If you tuned into the Conflict Management Webex, you learned about the trap of the Ladder of Inference. To illustrate the trap, participants were asked to partner up on a simple 1st grade math problem. They all read the same problem themselves and heard me read the problem out loud. Now these are all bankers and, we would expect bankers to successfully answer a math problem involving only addition and subtraction. However, this was not the case.
Not only did over a dozen bankers get the problem wrong (nobody got it correct), but there were a variety of answers. Now, how does a group of presumably number proficient people who have received the same exact data, come to not only the wrong but widely different conclusions? Well, the Ladder of Inference helps us understand this phenomenon.
At the bottom rung, we find the data. Moving up the ladder, we find our brain interpreting the data and applying reason. This is how we think and feel. At the top of the ladder is our conclusion. This is what we believe, which is based on how we think and feel.
If a group of bankers with the same data apply interpretation and reasoning and not only come to the wrong, but different conclusions, can you imagine what happens if the parties in the conflict have different data!!!
So, what causes our interpretation and reasoning, i.e., how we think and feel, to be so very different even when we have the same data? There are five primary ingredients.
First, our values impact how we think and feel. Values are strongly held “truths” that are so deeply embedded in your core that nobody is going to prove your values false. A value based conflict, such as, the conflicts in the Middle East, are nearly impossible to resolve through conflict management.
Second, emotions drive how we think and feel. Think back to when you or someone lost emotional control. Chances are the strong emotions being felt and exhibited impacted what was being felt and thought.
Third, history drives how we think and feel. Our own personal experiences significantly impact what we think and feel about situations that arise, especially if you’ve had a similar situation occur in the past. If you’ve had a good or bad experience with someone or in a particular situation, your brain creates neural pathways that impact you think and feel. If the experience was a bad one, your neural system immediately connects to your adrenal glands and tells them to excrete the flight or fight hormone -adrenaline. This adrenaline certainly impacts your behavior and the conclusions you draw.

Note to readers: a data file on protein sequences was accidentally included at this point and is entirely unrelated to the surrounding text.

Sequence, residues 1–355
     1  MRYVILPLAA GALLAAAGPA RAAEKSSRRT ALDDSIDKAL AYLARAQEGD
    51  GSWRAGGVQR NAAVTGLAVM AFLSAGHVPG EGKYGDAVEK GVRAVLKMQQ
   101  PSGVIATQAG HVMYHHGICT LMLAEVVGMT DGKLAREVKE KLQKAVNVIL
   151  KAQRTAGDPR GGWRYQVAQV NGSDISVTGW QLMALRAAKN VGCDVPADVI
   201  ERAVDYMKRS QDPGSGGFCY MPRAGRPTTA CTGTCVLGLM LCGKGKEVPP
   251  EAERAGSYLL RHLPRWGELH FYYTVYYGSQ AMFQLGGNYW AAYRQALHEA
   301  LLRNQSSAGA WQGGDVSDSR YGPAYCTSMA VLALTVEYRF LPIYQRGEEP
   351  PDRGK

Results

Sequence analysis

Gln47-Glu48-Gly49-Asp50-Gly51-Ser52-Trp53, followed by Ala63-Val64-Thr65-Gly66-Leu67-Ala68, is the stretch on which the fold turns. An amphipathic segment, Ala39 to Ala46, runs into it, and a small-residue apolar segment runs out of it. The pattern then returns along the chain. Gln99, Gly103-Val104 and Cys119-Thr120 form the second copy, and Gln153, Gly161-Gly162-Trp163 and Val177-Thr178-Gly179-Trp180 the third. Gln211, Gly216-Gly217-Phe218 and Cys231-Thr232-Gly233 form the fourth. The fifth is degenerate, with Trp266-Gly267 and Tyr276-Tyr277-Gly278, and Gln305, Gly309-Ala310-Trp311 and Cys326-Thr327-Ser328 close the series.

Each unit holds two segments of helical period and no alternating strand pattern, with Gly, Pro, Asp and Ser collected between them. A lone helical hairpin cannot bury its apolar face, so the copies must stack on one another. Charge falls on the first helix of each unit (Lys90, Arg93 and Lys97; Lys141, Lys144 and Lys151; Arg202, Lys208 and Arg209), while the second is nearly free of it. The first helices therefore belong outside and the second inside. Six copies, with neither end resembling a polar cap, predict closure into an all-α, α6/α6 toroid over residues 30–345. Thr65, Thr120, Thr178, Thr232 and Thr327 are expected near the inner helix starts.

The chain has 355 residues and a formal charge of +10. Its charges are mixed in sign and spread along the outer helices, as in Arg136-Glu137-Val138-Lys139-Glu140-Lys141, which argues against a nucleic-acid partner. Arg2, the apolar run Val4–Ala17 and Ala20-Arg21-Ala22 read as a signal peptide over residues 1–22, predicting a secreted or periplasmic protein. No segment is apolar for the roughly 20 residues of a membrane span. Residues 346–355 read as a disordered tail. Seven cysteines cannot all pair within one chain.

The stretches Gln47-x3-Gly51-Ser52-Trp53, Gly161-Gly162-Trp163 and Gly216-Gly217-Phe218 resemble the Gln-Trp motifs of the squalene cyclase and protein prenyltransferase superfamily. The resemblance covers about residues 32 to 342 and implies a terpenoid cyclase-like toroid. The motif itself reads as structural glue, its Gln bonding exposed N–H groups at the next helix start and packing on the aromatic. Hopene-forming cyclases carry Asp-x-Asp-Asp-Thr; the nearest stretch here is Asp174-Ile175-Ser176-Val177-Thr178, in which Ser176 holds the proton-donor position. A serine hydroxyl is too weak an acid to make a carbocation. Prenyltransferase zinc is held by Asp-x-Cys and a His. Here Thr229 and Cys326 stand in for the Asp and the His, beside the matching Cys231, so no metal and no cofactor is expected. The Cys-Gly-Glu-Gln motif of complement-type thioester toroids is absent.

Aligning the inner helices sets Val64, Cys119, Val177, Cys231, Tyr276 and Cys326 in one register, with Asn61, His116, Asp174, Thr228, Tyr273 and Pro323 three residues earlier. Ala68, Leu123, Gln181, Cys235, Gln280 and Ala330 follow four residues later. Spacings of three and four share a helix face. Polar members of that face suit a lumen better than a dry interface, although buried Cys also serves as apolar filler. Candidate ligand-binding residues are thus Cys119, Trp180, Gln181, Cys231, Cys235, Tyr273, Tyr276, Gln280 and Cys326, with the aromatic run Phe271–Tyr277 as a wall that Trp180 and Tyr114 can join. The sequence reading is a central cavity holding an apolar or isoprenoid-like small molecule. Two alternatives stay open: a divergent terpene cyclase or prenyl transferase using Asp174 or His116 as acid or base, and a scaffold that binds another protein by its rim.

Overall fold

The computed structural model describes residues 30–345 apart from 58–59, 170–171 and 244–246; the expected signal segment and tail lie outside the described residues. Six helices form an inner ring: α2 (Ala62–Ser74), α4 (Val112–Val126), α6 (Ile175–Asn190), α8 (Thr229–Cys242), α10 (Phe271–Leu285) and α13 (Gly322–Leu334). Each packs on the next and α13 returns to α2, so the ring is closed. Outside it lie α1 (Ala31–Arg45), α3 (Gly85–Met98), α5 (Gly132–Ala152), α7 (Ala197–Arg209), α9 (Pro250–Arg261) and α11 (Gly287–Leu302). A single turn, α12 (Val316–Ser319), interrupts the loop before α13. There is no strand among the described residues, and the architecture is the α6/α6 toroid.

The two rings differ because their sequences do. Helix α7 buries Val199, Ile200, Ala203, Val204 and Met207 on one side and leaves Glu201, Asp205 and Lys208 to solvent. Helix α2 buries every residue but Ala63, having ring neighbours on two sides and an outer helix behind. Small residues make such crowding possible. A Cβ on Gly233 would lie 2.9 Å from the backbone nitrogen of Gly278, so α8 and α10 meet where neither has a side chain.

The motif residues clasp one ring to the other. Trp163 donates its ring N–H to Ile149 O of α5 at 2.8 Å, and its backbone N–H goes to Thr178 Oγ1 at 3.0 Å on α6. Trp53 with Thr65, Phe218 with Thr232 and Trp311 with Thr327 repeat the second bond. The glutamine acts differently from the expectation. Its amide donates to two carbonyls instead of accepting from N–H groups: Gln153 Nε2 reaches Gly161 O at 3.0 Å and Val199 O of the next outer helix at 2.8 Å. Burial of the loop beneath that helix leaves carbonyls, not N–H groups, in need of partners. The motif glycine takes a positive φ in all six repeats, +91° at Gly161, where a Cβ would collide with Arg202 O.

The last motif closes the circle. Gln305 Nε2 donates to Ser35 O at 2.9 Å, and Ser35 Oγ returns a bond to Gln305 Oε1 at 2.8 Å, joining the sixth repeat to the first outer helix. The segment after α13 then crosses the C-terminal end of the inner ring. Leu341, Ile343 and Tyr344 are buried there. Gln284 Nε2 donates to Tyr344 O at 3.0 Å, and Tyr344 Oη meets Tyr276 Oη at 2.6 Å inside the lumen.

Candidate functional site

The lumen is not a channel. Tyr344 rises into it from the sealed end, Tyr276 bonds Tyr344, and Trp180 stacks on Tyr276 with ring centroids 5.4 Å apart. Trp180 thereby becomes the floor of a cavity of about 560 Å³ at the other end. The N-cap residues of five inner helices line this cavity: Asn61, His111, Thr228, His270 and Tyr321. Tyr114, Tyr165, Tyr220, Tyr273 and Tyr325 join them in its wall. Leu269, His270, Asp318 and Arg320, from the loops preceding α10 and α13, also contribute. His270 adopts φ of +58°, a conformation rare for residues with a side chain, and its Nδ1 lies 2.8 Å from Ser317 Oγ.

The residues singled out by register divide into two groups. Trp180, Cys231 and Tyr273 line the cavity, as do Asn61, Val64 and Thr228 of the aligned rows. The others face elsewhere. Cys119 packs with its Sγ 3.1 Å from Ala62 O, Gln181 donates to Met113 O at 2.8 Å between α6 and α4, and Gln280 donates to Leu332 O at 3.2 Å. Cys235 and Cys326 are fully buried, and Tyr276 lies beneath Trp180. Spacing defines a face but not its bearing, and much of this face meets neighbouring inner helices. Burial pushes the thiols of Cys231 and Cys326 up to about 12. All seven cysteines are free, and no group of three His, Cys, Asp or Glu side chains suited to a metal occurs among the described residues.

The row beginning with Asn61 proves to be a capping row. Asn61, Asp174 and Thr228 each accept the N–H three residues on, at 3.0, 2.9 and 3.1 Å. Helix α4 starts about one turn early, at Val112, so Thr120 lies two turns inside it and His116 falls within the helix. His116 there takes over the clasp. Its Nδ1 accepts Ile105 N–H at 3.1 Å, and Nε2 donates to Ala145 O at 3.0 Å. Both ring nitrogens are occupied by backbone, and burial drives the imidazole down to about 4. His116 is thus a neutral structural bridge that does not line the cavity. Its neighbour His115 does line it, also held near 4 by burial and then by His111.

Fourth, communication drives how we think and feel. If you prefer to communicate in a calm, low volume, soft manner and the person that you have the potential conflict with is a “loud” talker, well, that impacts how we think and feel. If you are an introvert and prefer quiet time to analyze how to respond and the other person is an extrovert who wants to not only to communicate right now, but to also “think” out loud, well that impacts how we think and feel.
Finally, structure drives how we think and feel. An example of structure is your profession. If you are a banker, that drives what you think and feel about Dodd Frank. If you are a teenager, that drives what you think about that darn curfew rule. If you are the boss, that drives how you look at a business situation. Structure impacts how we think and feel.
Think back to a conflict. It could be a historical one, or one in which you were involved. Which one or more of the five ingredients were impacting how the parties felt and thought? How did it impact their feeling and thinking….from your perspective?